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HHS on fire PDF Print E-mail
Written by Holyoke Enterprise   

Students at Holyoke High School caught the Dragon spirit during their “Fuel the Fire” Homecoming festivities last week.

Pictured above, sophomores Brook Prottsman and Norman Mendoza head to the Homecoming Dance, one of the silly class competitions during Olympic Day Thursday, Sept. 25.

At left, cheerleaders Lori McWilliams and Lynnette Stark cheer on the Dragons during the pep rally Friday, Sept. 26.

HHS won all of its varsity athletic competitions during the Homecoming weekend.

—Enterprise photos

Holyoke Enterprise October 2, 2014
Appointment of Tharp rescinded; Bishop to fill school board vacancy PDF Print E-mail
Written by Brenda Johnson Brandt   

After a four-hour executive session of the Holyoke School Board Wednesday, Sept. 24, board president Kris Camblin rescinded his appointment of Jeff Tharp to fill the board vacancy created with the resignation of Kim Killin in June.

Camblin then appointed Nici Bishop, who will be administered the oath of office at the Oct. 7 board meeting.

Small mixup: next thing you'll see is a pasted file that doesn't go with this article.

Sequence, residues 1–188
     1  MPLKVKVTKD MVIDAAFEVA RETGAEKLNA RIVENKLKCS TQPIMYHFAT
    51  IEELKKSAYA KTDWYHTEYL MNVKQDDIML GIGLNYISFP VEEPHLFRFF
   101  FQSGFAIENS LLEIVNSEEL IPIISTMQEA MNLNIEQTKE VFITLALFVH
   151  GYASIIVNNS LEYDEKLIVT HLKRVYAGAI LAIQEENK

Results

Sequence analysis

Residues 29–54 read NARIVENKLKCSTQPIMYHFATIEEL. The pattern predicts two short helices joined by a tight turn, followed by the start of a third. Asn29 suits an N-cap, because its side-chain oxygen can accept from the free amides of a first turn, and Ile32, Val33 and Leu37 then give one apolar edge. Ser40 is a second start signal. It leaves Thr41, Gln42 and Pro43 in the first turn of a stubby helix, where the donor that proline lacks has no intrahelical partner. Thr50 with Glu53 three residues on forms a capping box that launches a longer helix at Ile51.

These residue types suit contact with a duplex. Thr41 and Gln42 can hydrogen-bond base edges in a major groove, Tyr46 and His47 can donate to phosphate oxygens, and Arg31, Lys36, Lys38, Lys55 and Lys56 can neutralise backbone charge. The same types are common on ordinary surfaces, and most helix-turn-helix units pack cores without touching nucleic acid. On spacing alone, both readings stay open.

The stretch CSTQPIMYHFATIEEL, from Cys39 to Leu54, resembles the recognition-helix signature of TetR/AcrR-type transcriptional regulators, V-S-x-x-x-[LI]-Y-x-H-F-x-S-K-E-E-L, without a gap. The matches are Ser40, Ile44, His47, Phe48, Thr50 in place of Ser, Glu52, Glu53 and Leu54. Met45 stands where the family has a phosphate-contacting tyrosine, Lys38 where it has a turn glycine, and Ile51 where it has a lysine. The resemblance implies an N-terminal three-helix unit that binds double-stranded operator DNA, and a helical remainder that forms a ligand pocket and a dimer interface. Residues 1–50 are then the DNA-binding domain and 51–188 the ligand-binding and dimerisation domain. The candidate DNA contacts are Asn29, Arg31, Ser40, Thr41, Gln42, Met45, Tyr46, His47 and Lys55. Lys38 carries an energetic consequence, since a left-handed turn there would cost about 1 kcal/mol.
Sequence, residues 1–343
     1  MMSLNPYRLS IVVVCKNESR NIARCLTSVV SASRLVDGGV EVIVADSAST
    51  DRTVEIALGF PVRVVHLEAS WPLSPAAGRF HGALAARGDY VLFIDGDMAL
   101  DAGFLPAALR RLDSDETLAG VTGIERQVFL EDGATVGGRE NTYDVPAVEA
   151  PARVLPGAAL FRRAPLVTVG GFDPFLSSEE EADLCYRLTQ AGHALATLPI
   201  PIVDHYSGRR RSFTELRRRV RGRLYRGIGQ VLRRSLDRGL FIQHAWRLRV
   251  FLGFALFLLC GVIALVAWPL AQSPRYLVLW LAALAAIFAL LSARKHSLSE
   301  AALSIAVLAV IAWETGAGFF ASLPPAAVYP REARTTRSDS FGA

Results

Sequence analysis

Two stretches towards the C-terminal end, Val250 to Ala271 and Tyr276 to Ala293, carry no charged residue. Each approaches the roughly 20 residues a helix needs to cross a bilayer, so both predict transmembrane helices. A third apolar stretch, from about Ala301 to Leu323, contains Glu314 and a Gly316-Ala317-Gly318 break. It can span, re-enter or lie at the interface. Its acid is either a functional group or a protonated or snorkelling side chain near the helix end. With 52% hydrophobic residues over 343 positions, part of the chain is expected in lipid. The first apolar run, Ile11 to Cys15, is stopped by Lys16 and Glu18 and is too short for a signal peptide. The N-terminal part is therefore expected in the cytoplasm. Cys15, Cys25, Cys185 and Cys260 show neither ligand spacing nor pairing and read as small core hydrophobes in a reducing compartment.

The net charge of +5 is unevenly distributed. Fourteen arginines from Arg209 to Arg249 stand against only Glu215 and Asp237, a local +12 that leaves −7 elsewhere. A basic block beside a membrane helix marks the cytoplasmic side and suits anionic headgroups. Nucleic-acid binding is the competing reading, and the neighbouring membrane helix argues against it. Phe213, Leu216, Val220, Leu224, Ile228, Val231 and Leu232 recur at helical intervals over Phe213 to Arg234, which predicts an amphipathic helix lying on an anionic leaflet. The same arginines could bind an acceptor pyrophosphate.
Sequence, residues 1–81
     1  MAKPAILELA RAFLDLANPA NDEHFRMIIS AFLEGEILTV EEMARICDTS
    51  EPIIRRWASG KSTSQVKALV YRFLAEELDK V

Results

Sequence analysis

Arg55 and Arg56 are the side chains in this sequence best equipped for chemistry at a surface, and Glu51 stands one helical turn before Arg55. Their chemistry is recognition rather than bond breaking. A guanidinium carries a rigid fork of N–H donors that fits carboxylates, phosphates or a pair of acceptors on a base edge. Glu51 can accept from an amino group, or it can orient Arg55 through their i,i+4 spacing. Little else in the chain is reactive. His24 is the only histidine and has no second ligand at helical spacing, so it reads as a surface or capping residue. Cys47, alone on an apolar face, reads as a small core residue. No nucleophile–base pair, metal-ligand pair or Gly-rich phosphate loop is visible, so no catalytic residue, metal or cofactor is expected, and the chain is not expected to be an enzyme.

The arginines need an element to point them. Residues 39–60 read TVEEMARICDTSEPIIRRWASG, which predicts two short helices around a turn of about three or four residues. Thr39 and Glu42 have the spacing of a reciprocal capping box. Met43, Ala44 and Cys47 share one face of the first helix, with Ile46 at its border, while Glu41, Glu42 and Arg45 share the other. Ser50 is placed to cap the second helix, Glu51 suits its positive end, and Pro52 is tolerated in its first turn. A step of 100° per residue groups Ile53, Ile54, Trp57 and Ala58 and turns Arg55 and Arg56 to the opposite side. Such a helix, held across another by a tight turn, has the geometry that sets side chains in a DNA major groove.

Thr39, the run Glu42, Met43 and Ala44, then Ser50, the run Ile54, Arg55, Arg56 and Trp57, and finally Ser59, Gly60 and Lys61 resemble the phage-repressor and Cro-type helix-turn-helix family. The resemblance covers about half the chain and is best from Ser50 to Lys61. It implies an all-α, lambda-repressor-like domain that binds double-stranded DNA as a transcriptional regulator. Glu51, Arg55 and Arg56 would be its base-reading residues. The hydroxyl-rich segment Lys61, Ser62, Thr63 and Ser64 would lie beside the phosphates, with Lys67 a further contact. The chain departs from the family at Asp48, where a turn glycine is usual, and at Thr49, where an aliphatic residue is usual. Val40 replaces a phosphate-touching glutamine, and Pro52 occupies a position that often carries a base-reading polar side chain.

Tharp served two full terms as a board member and finished his service last November. He was appointed by Camblin to fill the board vacancy Aug. 19.

Camblin noted that a call to him on Sept. 17 indicated there was a concern about the legality of Tharp’s appointment to the board with regard to term limits. The school attorney looked into the issue, and preliminary information was sent to Camblin and forwarded to the rest of the board Sept. 18.

“It was at this time we determined a special meeting was necessary so each board member could hear the opinion of our attorney and ask questions,” said Camblin.

The only agenda item for last Wednesday’s special meeting was an executive session with two purposes.

For the first 65 minutes of the closed session, the board held a conference call with attorney Jim Branum of Caplan and Earnest to receive legal advice on the specific legal question of Tharp’s appointment to the board, considering the term limit law. Superintendent Bret Miles was included in the first 45 minutes of the session.

The second part of the executive session involved personnel matters to discuss the evaluation/employment of Miles. This portion of the closed session lasted just short of three hours, with Miles present for the last hour.

At the conclusion of the executive session last Wednesday evening, Camblin said, “We have had the opportunity to review the complex term limit law. There is no case law to rely on in this situation, only some opinions that we can use to inform our decision.”